Fiscal Cliff on Brink Thanks to Divided Government
U.S. needs a genuine third party to deal with this and other issues.
Looking back from this point, the last year seems to have been filled with misery and grief: the Newtown mass shooting that killed 20 children, Superstorm Sandy and the devastation she brought, the Aurora theater shooting.
Locally, there have teen suicides that touched several communities. Longtime businesses have shut their doors or announced their closings. Many in red Northwest Jersey probably viewed the re-election of President Barack Obama as bad news, as well.
So perhaps it is appropriate that the nation spends the last hours of 2012 teetering on the edge of the so-called "fiscal cliff."
Part of what led us to the cliff was well-intentioned: A bill designed to reduce the federal deficit. The other main problem was beneficial to taxpayers, but also contributed to the massive debt that led to the deficit-reduction bill: The Bush-era tax cuts.
President Bill Clinton was the first in two decades to balance the federal budget, and the first to leave office with a smaller cumulative debt than when he took office. President George W. Bush followed with some $1.7 trillion in tax cuts, and government again operated with a deficit. The debt ballooned and today equals more than $16 trillion. That’s unquestionably problematic.
Last year, the U.S. maxed out its credit cards, so to speak. In order to solve the debt ceiling crisis, Congress passed and Obama signed a bill providing for certain automatic spending cuts.
So the perfect storm is converging: About $110 billion in automatic budget cuts at the same time as the Bush tax cuts expire, costing Americans more than $500 billion.
The cuts would come in a number of programs, most of which would not affect the average person—although some 2 million would lose unemployment benefits. But virtually everyone would have to pay more in taxes.
According to the nonpartisan Tax Policy Center:
If you’re married with two children under age 18 and have about $147,000 in income, you’ll pay $7,323 more in taxes.
If you’re single, earning about $47,000, you’ll pay $1,310 more.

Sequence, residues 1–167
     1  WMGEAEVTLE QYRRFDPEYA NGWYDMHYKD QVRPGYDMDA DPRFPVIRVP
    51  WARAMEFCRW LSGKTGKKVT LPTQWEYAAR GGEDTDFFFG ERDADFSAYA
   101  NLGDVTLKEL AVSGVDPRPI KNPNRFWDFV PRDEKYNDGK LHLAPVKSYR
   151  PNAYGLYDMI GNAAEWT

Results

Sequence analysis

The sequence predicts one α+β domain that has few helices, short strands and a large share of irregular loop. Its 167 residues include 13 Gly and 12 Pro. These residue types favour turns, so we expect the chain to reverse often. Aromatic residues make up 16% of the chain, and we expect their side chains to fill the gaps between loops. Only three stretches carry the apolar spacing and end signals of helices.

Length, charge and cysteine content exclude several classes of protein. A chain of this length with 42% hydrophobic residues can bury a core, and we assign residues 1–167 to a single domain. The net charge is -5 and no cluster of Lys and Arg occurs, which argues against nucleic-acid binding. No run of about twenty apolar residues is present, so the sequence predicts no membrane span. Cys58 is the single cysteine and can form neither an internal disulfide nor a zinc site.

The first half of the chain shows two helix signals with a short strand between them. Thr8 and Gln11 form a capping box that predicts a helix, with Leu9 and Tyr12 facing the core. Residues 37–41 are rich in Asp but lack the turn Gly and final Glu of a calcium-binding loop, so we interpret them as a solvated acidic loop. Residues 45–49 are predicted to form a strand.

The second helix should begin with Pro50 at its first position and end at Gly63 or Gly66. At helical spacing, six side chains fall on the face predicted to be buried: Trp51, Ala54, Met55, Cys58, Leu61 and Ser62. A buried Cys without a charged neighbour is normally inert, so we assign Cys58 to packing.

A senior couple with about $53,000 in income would pay $690 more.
And if you’re lucky enough to be among the very wealthiest, married couple without children and some $1.7 million in income, you’ll pay almost $100,000 more.
Everyone loses. And in more ways than one.
Experts, including the Congressional Budget Office, predict that hurtling over the cliff will plunge the nation into another recession and put even more people out of work.
Given all that could possibly go wrong, why is it that—at least as of mid-day Sunday—Congress has refused to compromise with the president over a solution?
The answer came from my teenage sons, who noted this same problem that has plagued our democracy throughout history: The two-party system.
Our founding fathers wrote a Constitution and set up a government with checks and balances designed to give the people a say in government and keep too much power out of any one person or one office or one house.
But they didn’t—couldn’t—guard against any one party trying to get a power advantage. They didn’t—couldn’t—envision the childish lengths to which each party would go to try to get its way, to get an advantage, to look better than the other.
A viable third party could only help to get the Democrats and Republicans to compromise not only on these issues of taxes and spending, but also on health care, gun control and others.
Whether we tumble off the fiscal cliff crisis or screech to a halt at the edge, divided government will continue to cause problems in how the nation functions. Consider that the U.S. is expected to be bumping up against the new debt ceiling again as early as February. America needs a mediator. The nation is overdue for another party to take on that role and really represent the interests of the people.
As a footnote, this is my last column for Patch. I have enjoyed writing it and hope I have helped frame informed discussion and debate over the last 22 months.